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Alnylam, Merck Amend R&D Collaborations to GiveMerck an Earlier Role; Alnylam to See Cash Sooner


Alnylam Pharmaceuticals said this week that it has amended and consolidated its RNAi-based drug-development deals with Merck into a single ongoing collaboration in order to give Merck a more active role in the development process, signaling an increased commitment by the big pharma in RNAi as a therapeutic modality.

Alnylam noted that, under the new deal, it could receive milestone payments of more than $120 million based on the successful commercialization of three RNAi drugs solely by Merck.

As part of the restructuring, Alnylam also said that the companies will halt their efforts to develop RNAi-based treatments for ocular diseases. As such, Alnylam has regained the full rights to ALN-VEG01, a VEGF-targeting siRNA drug that was being developed for age-related macular degeneration.

Alnylam said it is evaluating partnership opportunities for ALN-VEG01.

Merck and Alnylam began working together in September 2003 when they struck a five-year alliance to develop RNAi-based therapeutics against Merck-defined targets, as well as related technologies (see RNAi News, 9/12/2003).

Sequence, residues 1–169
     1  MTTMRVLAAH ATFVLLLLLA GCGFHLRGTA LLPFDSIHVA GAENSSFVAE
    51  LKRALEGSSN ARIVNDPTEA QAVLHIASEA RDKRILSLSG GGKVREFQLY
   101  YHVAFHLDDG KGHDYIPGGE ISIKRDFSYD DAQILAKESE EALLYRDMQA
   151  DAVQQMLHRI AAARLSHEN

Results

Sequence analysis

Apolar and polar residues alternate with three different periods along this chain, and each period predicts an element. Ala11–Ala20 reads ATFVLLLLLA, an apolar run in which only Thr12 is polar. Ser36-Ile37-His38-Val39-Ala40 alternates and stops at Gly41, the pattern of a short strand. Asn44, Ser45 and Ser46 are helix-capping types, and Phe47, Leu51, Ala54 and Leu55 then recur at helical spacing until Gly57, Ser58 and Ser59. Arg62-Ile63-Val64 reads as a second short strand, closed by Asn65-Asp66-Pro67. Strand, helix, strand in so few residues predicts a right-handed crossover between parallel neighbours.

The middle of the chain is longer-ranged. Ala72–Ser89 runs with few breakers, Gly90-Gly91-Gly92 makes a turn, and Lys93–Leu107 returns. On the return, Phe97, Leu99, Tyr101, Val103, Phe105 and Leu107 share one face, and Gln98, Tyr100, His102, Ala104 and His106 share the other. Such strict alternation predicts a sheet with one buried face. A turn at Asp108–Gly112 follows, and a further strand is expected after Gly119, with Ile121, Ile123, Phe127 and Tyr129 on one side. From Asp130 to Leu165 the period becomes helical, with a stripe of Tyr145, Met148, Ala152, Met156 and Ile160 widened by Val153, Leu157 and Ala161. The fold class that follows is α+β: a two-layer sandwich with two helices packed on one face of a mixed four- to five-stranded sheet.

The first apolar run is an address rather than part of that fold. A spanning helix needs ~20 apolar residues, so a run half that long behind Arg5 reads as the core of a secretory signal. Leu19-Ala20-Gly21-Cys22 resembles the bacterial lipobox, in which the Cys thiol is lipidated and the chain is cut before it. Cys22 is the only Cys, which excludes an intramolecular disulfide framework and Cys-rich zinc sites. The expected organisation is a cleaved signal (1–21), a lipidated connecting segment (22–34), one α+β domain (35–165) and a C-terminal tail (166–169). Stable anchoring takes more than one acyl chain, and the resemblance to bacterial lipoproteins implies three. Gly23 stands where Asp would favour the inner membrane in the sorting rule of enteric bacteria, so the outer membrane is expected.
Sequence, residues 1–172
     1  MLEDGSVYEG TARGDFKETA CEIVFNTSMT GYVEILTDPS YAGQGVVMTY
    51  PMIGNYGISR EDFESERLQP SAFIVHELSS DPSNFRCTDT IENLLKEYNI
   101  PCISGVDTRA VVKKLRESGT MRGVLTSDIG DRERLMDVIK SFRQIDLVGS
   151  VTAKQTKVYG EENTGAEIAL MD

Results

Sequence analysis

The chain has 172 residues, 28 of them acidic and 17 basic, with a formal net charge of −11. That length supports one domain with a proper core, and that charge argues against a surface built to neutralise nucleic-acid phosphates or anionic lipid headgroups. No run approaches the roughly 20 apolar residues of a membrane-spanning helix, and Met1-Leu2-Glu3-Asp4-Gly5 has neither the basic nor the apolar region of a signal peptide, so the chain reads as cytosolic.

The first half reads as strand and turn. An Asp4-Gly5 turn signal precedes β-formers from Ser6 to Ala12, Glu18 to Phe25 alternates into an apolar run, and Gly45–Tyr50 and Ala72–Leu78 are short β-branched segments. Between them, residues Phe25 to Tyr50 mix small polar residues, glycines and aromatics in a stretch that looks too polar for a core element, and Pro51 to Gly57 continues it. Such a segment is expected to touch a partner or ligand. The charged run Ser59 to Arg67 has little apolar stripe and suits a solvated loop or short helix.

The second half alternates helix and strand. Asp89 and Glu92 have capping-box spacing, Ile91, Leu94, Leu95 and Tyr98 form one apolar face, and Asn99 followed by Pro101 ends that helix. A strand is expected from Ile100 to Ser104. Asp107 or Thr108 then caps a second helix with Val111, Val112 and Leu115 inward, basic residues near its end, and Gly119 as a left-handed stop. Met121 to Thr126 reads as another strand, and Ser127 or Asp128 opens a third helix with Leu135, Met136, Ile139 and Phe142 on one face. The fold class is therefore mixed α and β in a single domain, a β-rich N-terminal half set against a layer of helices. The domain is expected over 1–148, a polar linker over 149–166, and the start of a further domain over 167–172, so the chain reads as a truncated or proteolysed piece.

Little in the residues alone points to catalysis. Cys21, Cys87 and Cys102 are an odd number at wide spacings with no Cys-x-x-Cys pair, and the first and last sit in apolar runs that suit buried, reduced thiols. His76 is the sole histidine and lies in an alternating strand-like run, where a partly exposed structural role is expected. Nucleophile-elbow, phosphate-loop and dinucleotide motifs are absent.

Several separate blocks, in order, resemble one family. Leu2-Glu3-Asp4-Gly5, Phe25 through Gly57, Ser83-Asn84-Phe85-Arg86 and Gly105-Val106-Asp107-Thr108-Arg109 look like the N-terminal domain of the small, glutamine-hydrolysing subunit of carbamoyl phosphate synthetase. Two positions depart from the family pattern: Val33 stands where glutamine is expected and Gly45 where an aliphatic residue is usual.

Almost a year later, the companies inked another drug-development deal, this one focusing on RNAi drugs for ocular diseases and encompassing Alnylam's then-active AMD program (see RNAi News, 7/2/2004). Alnylam, however, shelved ALN-VEG01 last September, calling the field too competitive (see RNAi News, 9/23/2005).

Under the companies' revised arrangement, the partners will still focus on nine undisclosed therapeutic targets to be named by Merck, but now Merck may participate at an earlier stage of the research and development process. Originally, initial development of the RNAi drug candidates was to be carried out by Alnylam alone, with Merck deciding later if it wanted to participate in the R&D effort.

Alnylam noted that the nine targets are in addition to a preclinical spinal cord injury program, focusing on a target within the NOGO pathway, that was selected for development by Alnylam under the companies 2003 agreement (see RNAi News, 1/28/2005).

Also under the new terms of the alliance, Alnylam may select three of the nine new programs for joint development in which Merck will participate from the beginning — providing Alnylam with R&D funding earlier on. Under the companies' original deal, Alnylam would not receive funding until predefined preclinical work had been completed.

Alnylam will have the right to co-promote drugs developed through these three programs in the US. Merck will be responsible for commercializing the other six, with Alnylam receiving milestones and royalties.

Officials from Alnylam and Merck were not available for comment by press time.

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